How to improve organization of math on a page?

1. Oct 1, 2014

OrigamiCaptain

I'm pretty good at math, but I have troubles organize stuff on a page. I might have some fine motor problems, but I'm not sure. Specifically with figures with straight lines like square root symbols, the number 1, x's and y's specifically in lowercase form. You can see why this can be an issue. I need some tips for organize my math on a piece of paper and improving my syntax. I've definitely had problems where my x and y variables become indistinguishable and the letter "a" becomes a 9 at some point or everything is all over the place and impossible to keep track of and I need like 3 pages to complete a problem when my math TA can keep it to one page.

Does anyone have any tips for improving organization on a page?

Thanks everyone.

2. Oct 1, 2014

Simon Bridge

For layout and appearance use a typsetting text editor that supports LaTeX ... then you can just focus on the reasoning and logic of your math arguments. Ability to typeset in LaTeX is an essential skill.

longhand - distinguish x and y by writing the y as a u with a long tail rather than as two straight lines.
distinguish the x from the multiplication symbol by writing it as two "c"'s (one backwards) instead of two lines.
The difference between 9 and a is the tail - like the difference between a and d or q - so write the 9 the same way you write a q. I put a fish-hook barb on the tail of my q's or they look like g's or 9's. I curl the tail on my g's to make them look different from 9's.

I also cross my z's and 7's like the "t" but through the middle.

Print caps, but use the handwriting style for lower-case to avoid straight lines.
The square-root box is a tick with a long back ... when you reach the end of the stuff that should be inside the root, put a small downward mark at the end of the back. You can also put everything under the root inside square brackets for clarity.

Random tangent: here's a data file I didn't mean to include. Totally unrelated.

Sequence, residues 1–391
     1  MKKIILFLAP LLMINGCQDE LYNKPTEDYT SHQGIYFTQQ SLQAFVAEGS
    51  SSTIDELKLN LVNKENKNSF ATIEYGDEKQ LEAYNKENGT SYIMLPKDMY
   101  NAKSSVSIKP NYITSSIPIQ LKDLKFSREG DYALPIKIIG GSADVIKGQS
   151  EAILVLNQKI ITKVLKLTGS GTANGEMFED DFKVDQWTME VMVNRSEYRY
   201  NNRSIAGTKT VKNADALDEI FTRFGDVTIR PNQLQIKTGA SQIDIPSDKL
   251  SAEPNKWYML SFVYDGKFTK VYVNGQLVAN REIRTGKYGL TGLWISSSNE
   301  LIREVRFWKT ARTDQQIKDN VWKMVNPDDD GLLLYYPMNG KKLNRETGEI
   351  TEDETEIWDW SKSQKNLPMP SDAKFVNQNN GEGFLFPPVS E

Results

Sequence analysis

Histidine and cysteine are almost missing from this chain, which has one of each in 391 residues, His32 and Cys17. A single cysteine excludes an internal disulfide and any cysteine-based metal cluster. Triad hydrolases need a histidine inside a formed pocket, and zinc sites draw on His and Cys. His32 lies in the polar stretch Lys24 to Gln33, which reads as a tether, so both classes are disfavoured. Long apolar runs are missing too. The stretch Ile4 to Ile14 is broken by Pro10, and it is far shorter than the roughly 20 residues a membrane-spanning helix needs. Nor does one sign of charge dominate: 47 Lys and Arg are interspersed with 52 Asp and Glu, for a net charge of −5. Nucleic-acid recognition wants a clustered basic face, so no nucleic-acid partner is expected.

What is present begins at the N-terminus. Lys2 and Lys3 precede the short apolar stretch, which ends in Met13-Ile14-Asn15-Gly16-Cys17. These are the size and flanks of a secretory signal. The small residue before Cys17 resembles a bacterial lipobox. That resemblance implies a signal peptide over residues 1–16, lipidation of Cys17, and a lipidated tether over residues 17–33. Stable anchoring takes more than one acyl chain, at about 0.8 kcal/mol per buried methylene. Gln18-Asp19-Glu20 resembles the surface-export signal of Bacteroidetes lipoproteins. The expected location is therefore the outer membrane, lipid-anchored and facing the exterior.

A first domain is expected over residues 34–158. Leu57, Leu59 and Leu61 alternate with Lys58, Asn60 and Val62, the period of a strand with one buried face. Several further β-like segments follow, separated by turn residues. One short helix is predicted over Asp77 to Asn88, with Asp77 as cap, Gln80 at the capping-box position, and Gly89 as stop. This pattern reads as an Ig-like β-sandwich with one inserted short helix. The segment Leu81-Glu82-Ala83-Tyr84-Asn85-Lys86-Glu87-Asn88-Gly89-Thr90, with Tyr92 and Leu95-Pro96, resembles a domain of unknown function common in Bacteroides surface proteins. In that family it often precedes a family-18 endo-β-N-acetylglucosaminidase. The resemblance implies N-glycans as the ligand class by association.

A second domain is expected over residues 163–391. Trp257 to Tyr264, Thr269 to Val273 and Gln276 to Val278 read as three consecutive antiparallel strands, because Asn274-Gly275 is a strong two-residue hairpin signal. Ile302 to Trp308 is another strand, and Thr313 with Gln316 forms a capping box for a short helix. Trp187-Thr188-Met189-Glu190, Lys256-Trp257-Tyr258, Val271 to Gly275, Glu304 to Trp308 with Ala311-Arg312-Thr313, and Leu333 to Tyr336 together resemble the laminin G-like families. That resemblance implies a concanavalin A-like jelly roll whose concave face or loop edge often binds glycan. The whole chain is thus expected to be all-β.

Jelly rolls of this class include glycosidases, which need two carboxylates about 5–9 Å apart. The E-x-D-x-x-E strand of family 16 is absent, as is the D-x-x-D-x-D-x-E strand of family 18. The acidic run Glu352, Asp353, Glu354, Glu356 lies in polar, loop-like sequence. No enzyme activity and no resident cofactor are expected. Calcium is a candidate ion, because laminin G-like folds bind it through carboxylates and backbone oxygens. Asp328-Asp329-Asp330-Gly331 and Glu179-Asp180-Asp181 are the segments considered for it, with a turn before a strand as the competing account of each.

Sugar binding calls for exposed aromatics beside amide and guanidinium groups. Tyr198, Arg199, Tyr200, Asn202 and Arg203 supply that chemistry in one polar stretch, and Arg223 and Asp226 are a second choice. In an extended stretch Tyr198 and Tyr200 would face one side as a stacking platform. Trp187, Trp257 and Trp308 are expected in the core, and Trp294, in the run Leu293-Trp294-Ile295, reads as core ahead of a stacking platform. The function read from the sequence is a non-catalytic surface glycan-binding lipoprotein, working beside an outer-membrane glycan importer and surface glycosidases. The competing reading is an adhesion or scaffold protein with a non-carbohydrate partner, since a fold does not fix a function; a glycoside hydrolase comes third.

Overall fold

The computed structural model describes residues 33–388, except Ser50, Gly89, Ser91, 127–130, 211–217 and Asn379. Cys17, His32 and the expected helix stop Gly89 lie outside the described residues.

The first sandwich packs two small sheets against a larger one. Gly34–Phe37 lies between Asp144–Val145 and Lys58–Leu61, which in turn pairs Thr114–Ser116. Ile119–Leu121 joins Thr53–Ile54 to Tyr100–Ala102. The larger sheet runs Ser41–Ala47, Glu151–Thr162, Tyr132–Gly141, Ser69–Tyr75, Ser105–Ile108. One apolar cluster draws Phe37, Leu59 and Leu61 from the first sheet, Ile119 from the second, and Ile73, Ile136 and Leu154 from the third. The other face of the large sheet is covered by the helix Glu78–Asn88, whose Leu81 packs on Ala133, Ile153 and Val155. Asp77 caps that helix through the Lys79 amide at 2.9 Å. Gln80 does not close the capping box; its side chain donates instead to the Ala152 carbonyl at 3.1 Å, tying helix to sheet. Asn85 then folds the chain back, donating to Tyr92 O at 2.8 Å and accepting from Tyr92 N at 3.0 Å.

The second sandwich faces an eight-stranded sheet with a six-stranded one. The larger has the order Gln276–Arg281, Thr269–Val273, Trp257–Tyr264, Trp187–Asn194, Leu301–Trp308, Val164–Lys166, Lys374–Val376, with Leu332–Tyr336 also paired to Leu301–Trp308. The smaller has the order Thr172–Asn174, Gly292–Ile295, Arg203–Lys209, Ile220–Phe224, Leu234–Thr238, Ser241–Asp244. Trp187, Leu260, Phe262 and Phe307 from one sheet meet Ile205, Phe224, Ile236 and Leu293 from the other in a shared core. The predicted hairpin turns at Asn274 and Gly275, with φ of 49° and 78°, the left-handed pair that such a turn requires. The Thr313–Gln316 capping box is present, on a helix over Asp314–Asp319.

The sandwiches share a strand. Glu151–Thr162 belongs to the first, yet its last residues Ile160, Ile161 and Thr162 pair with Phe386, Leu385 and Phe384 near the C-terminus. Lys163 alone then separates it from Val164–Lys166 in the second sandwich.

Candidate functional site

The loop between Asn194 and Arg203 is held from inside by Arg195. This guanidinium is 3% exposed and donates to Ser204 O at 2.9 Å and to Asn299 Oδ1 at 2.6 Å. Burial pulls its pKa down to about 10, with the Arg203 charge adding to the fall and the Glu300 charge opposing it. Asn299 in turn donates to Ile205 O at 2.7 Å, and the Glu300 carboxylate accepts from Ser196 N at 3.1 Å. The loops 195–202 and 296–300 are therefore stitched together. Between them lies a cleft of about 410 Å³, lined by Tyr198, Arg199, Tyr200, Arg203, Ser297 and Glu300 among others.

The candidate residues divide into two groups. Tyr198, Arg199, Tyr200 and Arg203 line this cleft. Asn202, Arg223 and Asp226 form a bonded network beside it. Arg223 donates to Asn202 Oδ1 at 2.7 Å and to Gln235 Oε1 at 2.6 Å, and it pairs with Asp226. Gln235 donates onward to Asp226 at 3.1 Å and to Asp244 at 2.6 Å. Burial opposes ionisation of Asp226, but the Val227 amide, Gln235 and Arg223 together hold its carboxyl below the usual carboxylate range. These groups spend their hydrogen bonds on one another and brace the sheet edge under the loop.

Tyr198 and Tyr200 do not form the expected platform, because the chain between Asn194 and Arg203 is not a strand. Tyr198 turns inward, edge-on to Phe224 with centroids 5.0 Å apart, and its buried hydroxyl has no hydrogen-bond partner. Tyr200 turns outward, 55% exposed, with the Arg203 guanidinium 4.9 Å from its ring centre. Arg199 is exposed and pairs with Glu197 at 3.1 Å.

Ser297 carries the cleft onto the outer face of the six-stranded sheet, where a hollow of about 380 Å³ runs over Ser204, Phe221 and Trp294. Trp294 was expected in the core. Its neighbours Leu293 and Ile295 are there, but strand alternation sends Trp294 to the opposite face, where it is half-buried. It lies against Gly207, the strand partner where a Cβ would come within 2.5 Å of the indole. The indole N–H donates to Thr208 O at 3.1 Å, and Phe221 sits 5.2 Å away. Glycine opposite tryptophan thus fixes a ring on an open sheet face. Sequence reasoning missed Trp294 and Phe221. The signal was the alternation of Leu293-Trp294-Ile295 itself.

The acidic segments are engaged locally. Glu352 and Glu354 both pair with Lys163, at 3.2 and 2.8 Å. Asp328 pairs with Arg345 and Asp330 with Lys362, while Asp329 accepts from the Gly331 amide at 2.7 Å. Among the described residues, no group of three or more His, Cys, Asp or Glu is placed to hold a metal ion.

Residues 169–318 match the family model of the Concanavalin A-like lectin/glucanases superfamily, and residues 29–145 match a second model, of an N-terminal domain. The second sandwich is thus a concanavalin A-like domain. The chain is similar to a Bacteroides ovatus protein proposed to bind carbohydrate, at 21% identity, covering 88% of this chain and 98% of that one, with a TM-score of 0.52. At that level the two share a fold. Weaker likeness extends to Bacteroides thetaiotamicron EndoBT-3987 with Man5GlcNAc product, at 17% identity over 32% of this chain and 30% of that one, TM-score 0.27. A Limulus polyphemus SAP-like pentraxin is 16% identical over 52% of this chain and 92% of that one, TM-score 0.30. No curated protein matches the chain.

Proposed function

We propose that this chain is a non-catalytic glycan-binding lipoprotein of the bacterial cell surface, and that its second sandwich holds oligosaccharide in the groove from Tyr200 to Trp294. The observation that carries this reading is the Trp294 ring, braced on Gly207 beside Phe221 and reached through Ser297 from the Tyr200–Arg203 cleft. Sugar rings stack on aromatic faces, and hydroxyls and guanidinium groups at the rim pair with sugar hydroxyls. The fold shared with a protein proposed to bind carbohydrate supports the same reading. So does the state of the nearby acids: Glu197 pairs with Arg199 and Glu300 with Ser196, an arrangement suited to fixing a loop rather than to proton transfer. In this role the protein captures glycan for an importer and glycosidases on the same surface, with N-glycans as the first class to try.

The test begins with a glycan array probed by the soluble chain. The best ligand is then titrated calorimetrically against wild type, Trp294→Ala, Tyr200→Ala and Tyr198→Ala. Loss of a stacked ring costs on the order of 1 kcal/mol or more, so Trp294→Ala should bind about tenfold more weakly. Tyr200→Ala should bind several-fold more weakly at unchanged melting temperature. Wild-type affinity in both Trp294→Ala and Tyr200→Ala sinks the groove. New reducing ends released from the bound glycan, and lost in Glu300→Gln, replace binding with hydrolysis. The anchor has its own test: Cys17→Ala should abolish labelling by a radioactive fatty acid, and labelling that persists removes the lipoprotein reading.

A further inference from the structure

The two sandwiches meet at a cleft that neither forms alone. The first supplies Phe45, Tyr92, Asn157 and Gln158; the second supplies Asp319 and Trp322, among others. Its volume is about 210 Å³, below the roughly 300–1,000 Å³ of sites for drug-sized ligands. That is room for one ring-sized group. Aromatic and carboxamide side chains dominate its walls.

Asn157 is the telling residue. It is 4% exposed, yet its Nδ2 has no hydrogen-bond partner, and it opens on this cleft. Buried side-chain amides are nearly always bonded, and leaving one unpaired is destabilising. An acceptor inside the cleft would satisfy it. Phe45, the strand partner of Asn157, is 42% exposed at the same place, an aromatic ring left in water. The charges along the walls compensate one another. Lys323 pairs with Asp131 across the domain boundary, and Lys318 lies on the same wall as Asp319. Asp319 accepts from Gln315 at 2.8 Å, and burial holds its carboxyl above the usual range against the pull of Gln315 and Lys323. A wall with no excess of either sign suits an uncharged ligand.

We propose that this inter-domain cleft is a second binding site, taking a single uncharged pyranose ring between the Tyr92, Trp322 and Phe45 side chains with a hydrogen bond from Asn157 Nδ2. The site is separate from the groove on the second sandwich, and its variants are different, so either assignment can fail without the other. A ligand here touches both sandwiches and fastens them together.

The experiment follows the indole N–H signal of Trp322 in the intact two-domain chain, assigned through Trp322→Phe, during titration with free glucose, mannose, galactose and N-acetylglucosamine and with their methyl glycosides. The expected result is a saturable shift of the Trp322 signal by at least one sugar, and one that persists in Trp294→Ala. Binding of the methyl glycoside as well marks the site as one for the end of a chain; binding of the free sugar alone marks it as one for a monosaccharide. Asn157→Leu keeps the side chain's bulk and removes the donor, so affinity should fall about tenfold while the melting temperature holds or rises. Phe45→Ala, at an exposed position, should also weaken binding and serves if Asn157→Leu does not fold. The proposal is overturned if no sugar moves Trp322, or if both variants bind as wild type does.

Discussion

Your TA can keep the math to one page because your TA has done it all before many times - don't sweat it.

3. Oct 1, 2014

SteamKing

Staff Emeritus
If you have trouble reading your own handwriting, that could be a problem.

Handwriting is a manual skill, and it must be constantly practiced so that one can remain proficient at it. Now that people do a lot of their writing using a computer keyboard of some sort, we hate the physical drudgery of having to return to the use handwriting for certain tasks. And lack of use of this skill can lead to worse handwriting over time.

If you have trouble arranging your mathematical thoughts in written form, this is also something which can be improved by practice. Authors of non-mathematical writing often write and re-write their work, polishing it and changing it around to eliminate things which are redundant or unclear or are not descriptive. Since you are impressed with your TA's ability to concisely organize mathematics on a page, perhaps you should pick his or her brain about how to go about getting better at this task. You could also write out several short mathematical discussions and give them to your TA to critique.

4. Oct 1, 2014

OrigamiCaptain

Yeah that is a good suggestion and I'll be sure to ask. I've looked over his work to get a feel for it, but I get the impression that it has to do with his handwriting and ability to know how much space he is going to take up before he writes. Handwriting isn't super neat or even small just very, very clear. I'm not sure how to do that and it might just be something that comes after a significant amount of practice?

5. Oct 1, 2014

symbolipoint

What you described is Efficiency or Economy. Being able to compose and calculate like that comes with familiarity and practice.

6. Oct 1, 2014

SteamKing

Staff Emeritus
Extra handwriting practice couldn't hurt. If you are working at a university, there might be someone in the Art department you could ask to help you with improving your handwriting. It used to be when manual drafting was taught, a significant amount of time and practice would be spent on training draftsmen how to letter clearly. I figure that there must be someone in the Art department who might be able to teach you how to improve your handwriting skills.

Sometimes, changing your writing tools can make a difference.

Good luck!

7. Oct 2, 2014

Simon Bridge

... yes it does: on paper and on a whiteboard.

You should find that you can visualize how much space something will take on the page when it is not maths - like you can probably get a large block-caps heading centered at the top of the page, not perfectly but, fairly nicely, for example. OTOH: these are skills that used to be routinely taught at the primary or intermediate school level (i.e. before secondary school). I know in NZ this is no longer the case so I am always teaching people how to form letters for maths.

8. Oct 2, 2014

Dr Transport

Practice, and re-writing. The other thing I can say, is that taking your time when writing is the best way to make sure that what is written down is legible.